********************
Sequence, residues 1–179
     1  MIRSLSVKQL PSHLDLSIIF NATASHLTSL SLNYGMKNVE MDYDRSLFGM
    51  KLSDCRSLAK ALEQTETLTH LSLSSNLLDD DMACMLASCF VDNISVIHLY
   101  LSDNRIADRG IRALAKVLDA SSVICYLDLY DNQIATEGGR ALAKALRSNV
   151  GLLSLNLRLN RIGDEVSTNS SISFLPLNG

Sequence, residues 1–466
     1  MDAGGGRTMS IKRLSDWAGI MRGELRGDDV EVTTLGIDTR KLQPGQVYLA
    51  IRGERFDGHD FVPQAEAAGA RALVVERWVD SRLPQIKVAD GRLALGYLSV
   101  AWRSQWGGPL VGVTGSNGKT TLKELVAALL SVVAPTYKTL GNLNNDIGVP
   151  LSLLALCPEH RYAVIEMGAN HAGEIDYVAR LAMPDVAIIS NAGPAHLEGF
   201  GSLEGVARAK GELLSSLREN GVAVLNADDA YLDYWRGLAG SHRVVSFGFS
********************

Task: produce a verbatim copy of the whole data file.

Sequence, residues 1–179
     1  MIRSLSVKQL PSHLDLSIIF NATASHLTSL SLNYGMKNVE MDYDRSLFGM
    51  KLSDCRSLAK ALEQTETLTH LSLSSNLLDD DMACMLASCF VDNISVIHLY
   101  LSDNRIADRG IRALAKVLDA SSVICYLDLY DNQIATEGGR ALAKALRSNV
   151  GLLSLNLRLN RIGDEVSTNS SISFLPLNG

Sequence, residues 1–466
     1  MDAGGGRTMS IKRLSDWAGI MRGELRGDDV EVTTLGIDTR KLQPGQVYLA
    51  IRGERFDGHD FVPQAEAAGA RALVVERWVD SRLPQIKVAD GRLALGYLSV
   101  AWRSQWGGPL VGVTGSNGKT TLKELVAALL SVVAPTYKTL GNLNNDIGVP
   151  LSLLALCPEH RYAVIEMGAN HAGEIDYVAR LAMPDVAIIS NAGPAHLEGF
   201  GSLEGVARAK GELLSSLREN GVAVLNADDA YLDYWRGLAG SHRVVSFGFS